Cross cultural communication fosters a variety of important factors that affect people’s language use, self-awareness, perspectives, verbal and nonverbal communication, assumptions of similarities and differences, etc. My service learning experience not only puts this idea of cross cultural communication into action but also helps me to gain a greater understanding of each of these factors.
My site, SEA Literacy, strives to elevate the lives of Southeast Asian refugees and empower each individual to embrace their new home in the city of Milwaukee. Working at this site has provided me with new perspectives about my own cultural rules and biases. For example, I sometimes find myself getting frustrated when the verbal communication between me and a student is not adequate, and I must remind myself of the constant struggles of the refugees to communicate with others throughout their daily lives.
This gives me perspective on my own cultural bias and helps me gain a better understanding how simply acknowledging these standards can help societies to grow socially and academically. Furthermore, I have learned the importance of nonverbal and verbal communication in cross cultural communication. The kids I tutor speak English at many different levels: some speak fluently and some speak minimally. It is obviously easier to speak to the children who are more fluent in English, however, those who speak very little English use non verbal ways of communication to convey or understand varying material.
For example, one girl I tutored spoke very little English and had to write a response to a short answer question that stated: What is the definition of freedom? Instead of trying to explain the definition of freedom (which she wouldn’t have understood anyways), I looked up pictures of someone being released from jail to signify freedom. She understood immediately and was ecstatic that she had learned a new English word. When I first came into my site I almost felt above the children because of my American roots and level of education, however, the more time I spent at my site, the more I felt like the children were not only my equals but also my friends.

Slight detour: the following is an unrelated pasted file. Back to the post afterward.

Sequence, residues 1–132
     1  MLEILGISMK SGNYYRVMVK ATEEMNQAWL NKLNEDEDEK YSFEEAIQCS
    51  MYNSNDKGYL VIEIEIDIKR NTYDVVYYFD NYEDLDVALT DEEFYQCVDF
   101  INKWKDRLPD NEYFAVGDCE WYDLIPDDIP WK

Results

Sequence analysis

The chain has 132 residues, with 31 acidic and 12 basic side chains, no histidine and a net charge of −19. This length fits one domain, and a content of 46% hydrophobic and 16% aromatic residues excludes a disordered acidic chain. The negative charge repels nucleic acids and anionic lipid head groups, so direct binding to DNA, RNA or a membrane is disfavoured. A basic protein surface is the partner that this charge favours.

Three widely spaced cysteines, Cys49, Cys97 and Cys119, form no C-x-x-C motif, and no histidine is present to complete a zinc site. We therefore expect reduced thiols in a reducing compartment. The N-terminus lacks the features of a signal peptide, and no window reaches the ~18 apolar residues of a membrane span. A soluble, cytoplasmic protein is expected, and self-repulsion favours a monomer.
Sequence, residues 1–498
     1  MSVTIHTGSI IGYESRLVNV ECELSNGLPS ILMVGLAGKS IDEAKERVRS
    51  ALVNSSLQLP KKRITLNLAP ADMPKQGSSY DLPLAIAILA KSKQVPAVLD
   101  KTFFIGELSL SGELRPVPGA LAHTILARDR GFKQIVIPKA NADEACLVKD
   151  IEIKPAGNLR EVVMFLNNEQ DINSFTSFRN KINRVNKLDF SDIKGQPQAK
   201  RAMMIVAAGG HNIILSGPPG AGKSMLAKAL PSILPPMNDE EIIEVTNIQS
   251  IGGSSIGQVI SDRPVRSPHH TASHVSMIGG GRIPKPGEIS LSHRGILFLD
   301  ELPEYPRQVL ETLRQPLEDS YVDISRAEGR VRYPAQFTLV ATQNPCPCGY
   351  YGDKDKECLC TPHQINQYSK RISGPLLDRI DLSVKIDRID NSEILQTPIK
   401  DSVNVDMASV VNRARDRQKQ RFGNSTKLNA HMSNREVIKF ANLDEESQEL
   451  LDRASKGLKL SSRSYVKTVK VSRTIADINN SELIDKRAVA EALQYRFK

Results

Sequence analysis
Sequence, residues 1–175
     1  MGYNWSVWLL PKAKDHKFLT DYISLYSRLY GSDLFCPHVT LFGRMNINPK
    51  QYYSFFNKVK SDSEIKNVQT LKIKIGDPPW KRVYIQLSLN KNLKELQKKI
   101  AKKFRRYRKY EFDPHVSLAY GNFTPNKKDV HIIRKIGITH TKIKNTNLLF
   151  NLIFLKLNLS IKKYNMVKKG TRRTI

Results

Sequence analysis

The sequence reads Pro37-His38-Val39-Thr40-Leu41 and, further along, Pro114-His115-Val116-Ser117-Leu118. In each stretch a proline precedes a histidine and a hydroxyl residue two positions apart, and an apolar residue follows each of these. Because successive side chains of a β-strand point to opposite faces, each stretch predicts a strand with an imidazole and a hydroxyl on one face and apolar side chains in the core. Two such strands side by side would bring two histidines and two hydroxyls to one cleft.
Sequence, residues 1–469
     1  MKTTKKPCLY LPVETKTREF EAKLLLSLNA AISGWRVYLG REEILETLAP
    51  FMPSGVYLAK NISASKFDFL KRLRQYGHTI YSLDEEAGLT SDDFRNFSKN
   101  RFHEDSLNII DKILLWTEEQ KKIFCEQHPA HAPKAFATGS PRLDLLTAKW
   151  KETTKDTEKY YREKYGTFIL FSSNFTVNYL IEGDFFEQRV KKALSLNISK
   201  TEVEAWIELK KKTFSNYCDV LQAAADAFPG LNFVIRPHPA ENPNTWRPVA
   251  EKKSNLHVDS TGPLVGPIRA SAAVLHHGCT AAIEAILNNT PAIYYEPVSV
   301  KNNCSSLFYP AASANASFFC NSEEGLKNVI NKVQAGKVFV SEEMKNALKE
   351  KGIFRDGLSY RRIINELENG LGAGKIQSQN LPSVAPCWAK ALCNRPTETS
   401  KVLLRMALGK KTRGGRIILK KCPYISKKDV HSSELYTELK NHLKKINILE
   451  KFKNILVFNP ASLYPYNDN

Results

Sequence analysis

I have become aware of my own misconceptions of people and learned ways to escape the whirlwind of cultural biases through simply acknowledging that they exist and can have significant effects on the lives and health of individuals. One may ask how cultural bias can affect one’s health? One plausible example is a boy at my site who was born with no legs. When I went to my site last week the elevator was broken and a couple of us had to carry him and his wheelchair up the stairs.
On the way up a woman who worked there explained to me his daily struggles and a recent experience of him going to the doctor. She expounded that the language barrier at the hospital resulted in him waiting seven hours to get checked up because those who were English speaking were placed in front of him. This complete incompetence for intercultural communication signifies a social determinant of health that not only puts extreme stress on this boy in this one situation but also creates long lasting pressures that may lead to problems later in his life. Furthermore, Dr. Milton J. Bennett wrote:
“While two individuals in the same society may be a cultural world away from each other educationally, physically they may reside in the same city, in the same mass culture” (Bennett, 2013, p. 195).
This goes to show the severity of the lack of cross cultural communication and that one’s perception can ultimately hurt another group or culture even if one is aware of his or her biases. To reflect on my experiences, I would like to end by saying that service learning has provided me with a template to identify and acknowledge my own cultural rules and biases as well as make connections back to readings and lessons in class about the underlying aspects of culture and health in America.